2016 January 16
As the first racing effort of the year approached, I was anxious to test my fitness against recent
adjustments to training and nutrition. Taking a more disciplined approach to running this year, I am
aiming at longer runs, more days of rest, and fewer racing efforts overall. In the first seven training
runs of 2016 I clocked 112 miles between a 9- and 12-minute pace, with three solid training runs of
20 miles or more during the first 11 days of the year. Resilient recoveries indicated I was ready to
race, at least for three times 20 miles. Beyond that, I would find out. At my stage of experience,
there is no way I can train enough to race 100 miles comfortably. At some point I know things will
break down and I'll have to resort to running in survival mode. While the suffering is tolerable I
always question the value of going the entire distance at the cost of breaking my body down too
much. The hundred is always a juggling act, and I generally opt to save myself the misery and
subsequent down time from destructive running just to finishing the race. My unquestionable
priority in racing continues to be longevity at the expense of questionable glory and accumulating
more swag. I race for personal satisfaction and not to have something to post on FaceBook. I
love to run; when it is no longer fun, I stop.
So after driving the nine hours to the race venue north of Tampa and picking up my bib number I
slept in the car as best as I could before a 0500 wakeup to be on time for the reasonable 0700
daybreak start. I ran in this race before in 2012, so was familiar with the landscape. It is a fairly
straightforward one-hundred mile race and the people are friendly; I returned for the mild weather,
forecast to be sunny between 55 and 75 degrees before a nasty rainstorm moved in after dark.
After seeing Jackie Ong and meeting her brother Julius, who she would be pacing, at the starting
line, the race set off to a gentle sunrise over the Cypress Creek Preserve.
The mood and tempo were light as we found our places in the small field during the first half mile
on a bike path. Conversation is always good at the outset and kept me entertained for a quick
first lap of 20 miles in 3H 35M. My aim was to conclude 40 miles in under 8 hours and hit 60 miles
by 13 hours. My estimate of running fitness was spot on as I hit both objectives. If I was good
after 60 miles the objective was just to hold on for the rest if I continued.
The single track through the pines and palmettos was grassy and sandy but not wet for the most
part. Wild pigs had dug up the trail enough that it was far from smooth and predictable. Fatigue
on the legs from mild adjustments to surface variations made the effort more challenging, but at
least there weren't many roots to trip over. The running was easy for the most part, and
enjoyable. As temps rose the second lap became warm - for everyone. I slowed to accommodate
what felt like 80 degrees in direct sunshine, running without a shirt for more than a lap. As the
race passed three o'clock in th afternoon temps went back down to a comfortable level.
After forty miles everyone slows some. I didn't lose much ground, but I did take a lot longer at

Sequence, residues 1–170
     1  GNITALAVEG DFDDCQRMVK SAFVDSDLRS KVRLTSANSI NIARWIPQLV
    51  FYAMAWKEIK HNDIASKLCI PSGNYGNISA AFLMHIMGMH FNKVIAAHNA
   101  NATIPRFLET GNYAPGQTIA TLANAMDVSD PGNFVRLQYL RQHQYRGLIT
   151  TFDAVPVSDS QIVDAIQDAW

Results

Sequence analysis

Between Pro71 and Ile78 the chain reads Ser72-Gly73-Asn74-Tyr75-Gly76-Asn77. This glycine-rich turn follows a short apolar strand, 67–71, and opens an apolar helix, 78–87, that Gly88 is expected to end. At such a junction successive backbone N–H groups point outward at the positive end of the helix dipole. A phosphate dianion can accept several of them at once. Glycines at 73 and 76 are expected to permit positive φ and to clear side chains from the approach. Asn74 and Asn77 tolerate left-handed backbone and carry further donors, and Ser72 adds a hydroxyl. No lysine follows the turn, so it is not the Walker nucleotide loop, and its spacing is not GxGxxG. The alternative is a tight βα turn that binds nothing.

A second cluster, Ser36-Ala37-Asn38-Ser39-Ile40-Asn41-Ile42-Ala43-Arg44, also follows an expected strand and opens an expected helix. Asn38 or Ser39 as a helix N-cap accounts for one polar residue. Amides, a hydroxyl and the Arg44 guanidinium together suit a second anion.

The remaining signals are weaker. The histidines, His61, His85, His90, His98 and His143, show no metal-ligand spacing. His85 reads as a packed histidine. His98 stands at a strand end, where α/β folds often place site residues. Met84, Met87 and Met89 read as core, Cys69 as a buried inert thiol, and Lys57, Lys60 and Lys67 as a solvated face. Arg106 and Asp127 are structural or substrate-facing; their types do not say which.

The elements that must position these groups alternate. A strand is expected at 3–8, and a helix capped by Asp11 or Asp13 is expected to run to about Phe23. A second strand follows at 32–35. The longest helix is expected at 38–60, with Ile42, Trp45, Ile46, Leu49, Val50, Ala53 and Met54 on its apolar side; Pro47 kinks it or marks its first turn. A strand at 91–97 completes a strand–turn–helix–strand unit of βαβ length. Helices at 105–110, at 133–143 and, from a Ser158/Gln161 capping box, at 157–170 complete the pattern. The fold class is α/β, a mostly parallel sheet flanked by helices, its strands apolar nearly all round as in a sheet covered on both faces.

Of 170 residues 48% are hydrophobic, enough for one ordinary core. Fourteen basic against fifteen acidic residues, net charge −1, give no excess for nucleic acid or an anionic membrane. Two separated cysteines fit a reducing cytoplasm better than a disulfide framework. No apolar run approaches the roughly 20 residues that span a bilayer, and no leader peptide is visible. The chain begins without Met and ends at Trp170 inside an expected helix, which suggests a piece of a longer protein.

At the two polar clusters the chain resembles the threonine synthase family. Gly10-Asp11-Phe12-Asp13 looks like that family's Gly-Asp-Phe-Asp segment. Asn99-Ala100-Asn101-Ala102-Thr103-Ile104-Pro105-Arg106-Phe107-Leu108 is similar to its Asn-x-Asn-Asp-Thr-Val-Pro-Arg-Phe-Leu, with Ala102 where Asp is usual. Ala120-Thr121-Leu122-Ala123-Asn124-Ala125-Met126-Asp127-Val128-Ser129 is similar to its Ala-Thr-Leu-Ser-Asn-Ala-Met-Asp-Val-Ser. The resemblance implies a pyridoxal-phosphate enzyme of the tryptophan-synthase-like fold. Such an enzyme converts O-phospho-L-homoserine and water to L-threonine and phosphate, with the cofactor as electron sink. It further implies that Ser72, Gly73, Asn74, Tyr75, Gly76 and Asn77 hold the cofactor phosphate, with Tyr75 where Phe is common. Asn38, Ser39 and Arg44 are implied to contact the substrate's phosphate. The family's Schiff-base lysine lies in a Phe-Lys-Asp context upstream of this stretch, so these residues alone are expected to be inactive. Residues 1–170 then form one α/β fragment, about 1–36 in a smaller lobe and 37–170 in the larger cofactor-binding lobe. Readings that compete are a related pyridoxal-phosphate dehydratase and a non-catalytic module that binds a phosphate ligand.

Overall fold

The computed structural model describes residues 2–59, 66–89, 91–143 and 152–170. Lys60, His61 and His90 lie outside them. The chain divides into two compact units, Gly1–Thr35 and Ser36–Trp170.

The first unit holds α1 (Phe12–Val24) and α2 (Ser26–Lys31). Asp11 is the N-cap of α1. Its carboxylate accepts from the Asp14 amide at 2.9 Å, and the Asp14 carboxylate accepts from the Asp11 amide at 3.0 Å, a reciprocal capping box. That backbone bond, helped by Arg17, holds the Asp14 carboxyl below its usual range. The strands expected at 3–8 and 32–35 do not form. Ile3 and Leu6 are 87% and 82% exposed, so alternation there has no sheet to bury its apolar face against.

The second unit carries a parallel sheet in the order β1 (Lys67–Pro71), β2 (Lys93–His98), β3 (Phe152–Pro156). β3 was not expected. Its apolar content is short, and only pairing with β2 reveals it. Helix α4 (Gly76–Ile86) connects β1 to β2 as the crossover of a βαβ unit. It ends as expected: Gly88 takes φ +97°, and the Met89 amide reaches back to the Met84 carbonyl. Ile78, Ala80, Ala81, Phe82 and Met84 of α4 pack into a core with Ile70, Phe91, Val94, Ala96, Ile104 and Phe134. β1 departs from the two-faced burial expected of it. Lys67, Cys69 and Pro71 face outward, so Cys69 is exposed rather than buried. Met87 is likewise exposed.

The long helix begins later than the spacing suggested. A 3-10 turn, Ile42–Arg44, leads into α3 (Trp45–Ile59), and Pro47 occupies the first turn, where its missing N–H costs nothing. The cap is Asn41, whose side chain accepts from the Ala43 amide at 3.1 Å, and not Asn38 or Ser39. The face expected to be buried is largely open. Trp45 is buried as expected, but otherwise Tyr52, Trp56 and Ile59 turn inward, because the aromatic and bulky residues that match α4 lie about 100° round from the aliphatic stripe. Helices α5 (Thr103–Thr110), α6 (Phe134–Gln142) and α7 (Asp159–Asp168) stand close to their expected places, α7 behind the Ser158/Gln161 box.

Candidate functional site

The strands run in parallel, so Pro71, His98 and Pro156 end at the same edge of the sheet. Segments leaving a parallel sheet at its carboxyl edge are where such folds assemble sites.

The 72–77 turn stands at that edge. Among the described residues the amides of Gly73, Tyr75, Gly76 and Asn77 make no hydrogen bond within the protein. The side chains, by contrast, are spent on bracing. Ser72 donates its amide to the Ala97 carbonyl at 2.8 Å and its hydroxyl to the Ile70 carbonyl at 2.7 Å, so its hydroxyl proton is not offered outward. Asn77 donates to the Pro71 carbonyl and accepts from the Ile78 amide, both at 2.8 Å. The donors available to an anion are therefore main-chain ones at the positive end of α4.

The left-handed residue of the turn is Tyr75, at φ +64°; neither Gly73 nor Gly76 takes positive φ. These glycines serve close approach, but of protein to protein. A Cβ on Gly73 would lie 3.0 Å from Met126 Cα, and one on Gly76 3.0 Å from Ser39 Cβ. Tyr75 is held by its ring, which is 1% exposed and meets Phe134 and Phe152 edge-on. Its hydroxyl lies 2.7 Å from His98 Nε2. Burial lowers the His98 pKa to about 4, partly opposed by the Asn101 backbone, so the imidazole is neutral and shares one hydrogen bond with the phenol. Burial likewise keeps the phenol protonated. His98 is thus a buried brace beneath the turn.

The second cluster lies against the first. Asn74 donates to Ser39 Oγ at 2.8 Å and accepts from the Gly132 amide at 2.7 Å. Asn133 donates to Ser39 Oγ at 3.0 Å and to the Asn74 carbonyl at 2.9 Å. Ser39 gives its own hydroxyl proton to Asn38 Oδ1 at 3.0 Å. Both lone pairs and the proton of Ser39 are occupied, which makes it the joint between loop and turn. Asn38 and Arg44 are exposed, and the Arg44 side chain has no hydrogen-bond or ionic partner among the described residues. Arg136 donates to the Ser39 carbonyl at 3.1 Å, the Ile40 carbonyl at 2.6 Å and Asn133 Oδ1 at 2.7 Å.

the aid stations, enjoying the exchange with volunteers and support folks. A loop course cuts into
my attitude with time and I was losing my focus. Legs were good. Feet were good. Left knee
was starting to talk to me. And my lower back was tight and painful. The Red Bull I chugged at
45 miles really boosted my attitude, leading me to suspect that loss of attitude may be related
to chemical imbalance achieved during these long runs. In retrospective analysis, the race becomes
more introspective and less social as it proceeds, leaving me struggling for entertainment or
distraction. I wasn't suffering, just losing my interest in the enterprise.
After the sun set the landscape turns into the night country. For some, personal fears serve to
entertain or distract. For me, the sound of different hoot owls, an armadillo scurrying across the
trail to escape getting stepped on, the ominous color of the sky from an approaching storm, and
unseen creatures that move in the brush along the trail were highlights. Approaching sixty miles
I stumbled on a root that I kicked so hard that I re-injured a broken or cracked big toe. Every step
thereafter was painful. Compensating to protect the injury only exascerbated other overworked
tissues, like my knee and back. Injuries, which I've had a lot of, leave you to continue with
compromised efficiency and increased pain if you want to finish. To hobble another forty miles
did not seem inviting. After trying to run and walking for another three miles on both pavement
and single track I concluded that to continue just to get a finish was not worth it, so I stopped.
Before I stopped, I came across the first coral snake I have ever seen, warming itself on the warm
pavement of the bike path. While these little critters are nasty venimous, it is hard for them to
bite folks, as are the pygmy rattlers of the swampy areas of the south. While running around
poisonous reptiles generally unnerves me I wasn't too worried about getting bit.
The storm that moved in soaked everyone, but wasn't too bad with temps on the mid sixties. It
did generate tornados near Tampa that killed two people unfortunately, so it was still something
to be reckoned with. I had no regrets in stopping, once again. My knee was more sore than my
toe the following day; each will keep me grounded for awhile yet before I can return to running.
It was an enjoyable day. The weather was exactly what I had hoped for, the people were just
friendly and nice, and I ran up to expectations for 60 miles, giving me confidence that I am
preparing properly with my training. With a month until the next challenge, I am anxious to heal
and get back out there to keep my momentum and uplook intact.